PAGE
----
It’s worth noting how close we were to a state of emergency. The commission found evidence, for example, that State Security had provided for groups of men to undergo military training in Russia and China and then deployed them as “bodyguards” to Zuma and other politicians. In other words, these politicians had been supplied with their own private militias.

In my contribution to Ferial Haffajee’s new book, The Days of Zondo, I argued that state capture mustn’t be reduced simply to the greed and corruption of select politicians and those in business. Rather, it had a politics, which I discuss in relation to developments in the African National Congress (ANC) from about 2000. In particular, two ideological elements are of special importance.

In the first case, from about 2015/2016 the ANC under Jacob Zuma became increasingly paranoid that the National Democratic Revolution was facing a “counter-revolution”.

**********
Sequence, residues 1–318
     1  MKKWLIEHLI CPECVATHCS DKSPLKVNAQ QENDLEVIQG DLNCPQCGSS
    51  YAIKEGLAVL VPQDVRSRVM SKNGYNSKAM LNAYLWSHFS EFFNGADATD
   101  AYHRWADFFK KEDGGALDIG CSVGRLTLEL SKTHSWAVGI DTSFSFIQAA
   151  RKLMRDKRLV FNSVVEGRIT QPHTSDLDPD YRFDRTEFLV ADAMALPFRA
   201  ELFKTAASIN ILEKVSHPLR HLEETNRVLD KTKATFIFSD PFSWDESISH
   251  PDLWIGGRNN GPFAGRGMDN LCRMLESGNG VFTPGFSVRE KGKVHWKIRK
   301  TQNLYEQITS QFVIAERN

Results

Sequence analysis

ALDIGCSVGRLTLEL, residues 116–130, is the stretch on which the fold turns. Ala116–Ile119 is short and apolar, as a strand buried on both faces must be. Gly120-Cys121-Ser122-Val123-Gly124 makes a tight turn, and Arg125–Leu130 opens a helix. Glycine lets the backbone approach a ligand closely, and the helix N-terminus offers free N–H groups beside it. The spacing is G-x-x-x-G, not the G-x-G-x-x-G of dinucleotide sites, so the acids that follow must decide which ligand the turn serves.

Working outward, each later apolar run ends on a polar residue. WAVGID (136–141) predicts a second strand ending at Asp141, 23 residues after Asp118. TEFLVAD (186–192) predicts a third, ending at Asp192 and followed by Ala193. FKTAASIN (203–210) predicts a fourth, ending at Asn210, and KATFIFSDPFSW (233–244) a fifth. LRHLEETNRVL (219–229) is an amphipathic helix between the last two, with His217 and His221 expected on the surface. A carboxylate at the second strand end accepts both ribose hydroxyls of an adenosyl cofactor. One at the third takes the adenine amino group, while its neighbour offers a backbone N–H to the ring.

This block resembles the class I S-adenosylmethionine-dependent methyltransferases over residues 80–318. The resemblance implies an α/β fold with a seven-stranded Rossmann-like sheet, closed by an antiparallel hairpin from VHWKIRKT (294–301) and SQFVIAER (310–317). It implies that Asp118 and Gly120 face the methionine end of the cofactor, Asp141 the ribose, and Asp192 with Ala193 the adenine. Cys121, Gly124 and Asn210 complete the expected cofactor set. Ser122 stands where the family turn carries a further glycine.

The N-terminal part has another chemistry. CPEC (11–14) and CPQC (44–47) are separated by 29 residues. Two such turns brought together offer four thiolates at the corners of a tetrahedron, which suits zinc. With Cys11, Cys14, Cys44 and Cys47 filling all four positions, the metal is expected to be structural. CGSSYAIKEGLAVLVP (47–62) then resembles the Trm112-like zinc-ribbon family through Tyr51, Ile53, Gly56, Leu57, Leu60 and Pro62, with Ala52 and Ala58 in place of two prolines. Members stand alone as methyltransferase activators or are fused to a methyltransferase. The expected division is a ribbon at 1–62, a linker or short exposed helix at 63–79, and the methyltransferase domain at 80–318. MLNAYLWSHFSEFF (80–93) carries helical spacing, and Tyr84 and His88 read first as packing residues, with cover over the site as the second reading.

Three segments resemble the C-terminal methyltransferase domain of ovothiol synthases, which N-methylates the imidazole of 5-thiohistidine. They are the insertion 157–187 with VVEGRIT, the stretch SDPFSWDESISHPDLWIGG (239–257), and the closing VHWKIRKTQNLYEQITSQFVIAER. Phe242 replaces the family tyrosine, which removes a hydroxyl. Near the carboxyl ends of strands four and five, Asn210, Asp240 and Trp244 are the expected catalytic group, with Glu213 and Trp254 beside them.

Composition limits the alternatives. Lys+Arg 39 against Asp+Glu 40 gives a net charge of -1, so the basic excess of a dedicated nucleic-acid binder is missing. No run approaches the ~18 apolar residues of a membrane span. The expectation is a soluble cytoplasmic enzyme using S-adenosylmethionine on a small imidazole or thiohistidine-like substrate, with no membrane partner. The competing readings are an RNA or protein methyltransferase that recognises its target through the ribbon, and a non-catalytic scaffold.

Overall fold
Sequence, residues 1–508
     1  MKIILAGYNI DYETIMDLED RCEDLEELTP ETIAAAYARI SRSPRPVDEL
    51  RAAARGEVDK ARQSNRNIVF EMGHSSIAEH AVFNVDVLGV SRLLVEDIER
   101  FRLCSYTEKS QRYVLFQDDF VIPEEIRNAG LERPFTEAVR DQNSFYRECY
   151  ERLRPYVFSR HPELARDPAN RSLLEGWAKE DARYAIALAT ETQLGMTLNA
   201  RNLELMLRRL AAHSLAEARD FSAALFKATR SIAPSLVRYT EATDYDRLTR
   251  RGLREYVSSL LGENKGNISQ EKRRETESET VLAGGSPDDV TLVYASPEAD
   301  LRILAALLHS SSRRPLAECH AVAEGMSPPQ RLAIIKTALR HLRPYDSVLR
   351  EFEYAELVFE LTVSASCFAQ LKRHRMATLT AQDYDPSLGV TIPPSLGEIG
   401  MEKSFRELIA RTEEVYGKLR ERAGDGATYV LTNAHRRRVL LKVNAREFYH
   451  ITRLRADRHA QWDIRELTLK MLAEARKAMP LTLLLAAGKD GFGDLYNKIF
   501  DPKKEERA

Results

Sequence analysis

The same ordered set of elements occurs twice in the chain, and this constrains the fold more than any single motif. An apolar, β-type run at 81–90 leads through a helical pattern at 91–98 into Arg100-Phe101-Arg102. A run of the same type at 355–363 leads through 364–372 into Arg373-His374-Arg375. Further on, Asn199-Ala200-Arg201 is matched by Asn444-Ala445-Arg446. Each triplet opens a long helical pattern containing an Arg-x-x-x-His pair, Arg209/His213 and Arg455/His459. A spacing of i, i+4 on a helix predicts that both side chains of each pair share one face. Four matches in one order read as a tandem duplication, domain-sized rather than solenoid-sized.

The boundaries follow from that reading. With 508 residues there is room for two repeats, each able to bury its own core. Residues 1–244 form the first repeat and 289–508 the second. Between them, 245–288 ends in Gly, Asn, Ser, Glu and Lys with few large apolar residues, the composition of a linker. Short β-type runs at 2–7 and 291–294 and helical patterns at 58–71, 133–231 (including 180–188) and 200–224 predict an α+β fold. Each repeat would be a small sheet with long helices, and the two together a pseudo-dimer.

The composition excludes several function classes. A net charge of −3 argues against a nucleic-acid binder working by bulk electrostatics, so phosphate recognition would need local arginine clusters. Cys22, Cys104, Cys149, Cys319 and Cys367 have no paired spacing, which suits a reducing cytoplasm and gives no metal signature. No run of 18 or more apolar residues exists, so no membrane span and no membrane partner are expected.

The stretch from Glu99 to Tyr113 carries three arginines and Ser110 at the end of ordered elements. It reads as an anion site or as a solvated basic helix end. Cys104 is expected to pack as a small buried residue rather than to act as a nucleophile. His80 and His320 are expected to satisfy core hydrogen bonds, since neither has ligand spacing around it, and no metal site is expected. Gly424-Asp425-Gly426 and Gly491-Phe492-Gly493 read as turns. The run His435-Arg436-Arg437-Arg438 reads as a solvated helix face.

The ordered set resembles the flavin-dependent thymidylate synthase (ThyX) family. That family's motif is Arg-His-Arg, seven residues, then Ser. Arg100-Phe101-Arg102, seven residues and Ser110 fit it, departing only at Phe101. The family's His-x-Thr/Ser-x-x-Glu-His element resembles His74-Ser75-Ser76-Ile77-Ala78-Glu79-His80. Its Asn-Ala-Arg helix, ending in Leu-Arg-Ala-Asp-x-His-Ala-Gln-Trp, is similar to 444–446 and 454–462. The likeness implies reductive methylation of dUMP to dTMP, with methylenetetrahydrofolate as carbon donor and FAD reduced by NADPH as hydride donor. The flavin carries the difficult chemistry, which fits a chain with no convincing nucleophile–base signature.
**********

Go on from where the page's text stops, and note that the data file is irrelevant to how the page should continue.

In second place, the leaders of the ANC didn’t regard the organisation simply as another political party amongst others. They believed that it was the authentic representative of the South African nation. Hence, if the ANC was at risk, then the nation was at risk too.

Taken together, these two elements justified a more brazen, increasingly authoritarian and criminal politics in South Africa. It’s not necessary to recount the effects of state capture on South African institutions. We live the consequences every day in the form of ongoing electricity blackouts, water shortages, a weak police service, and a perpetually poorly performing economy.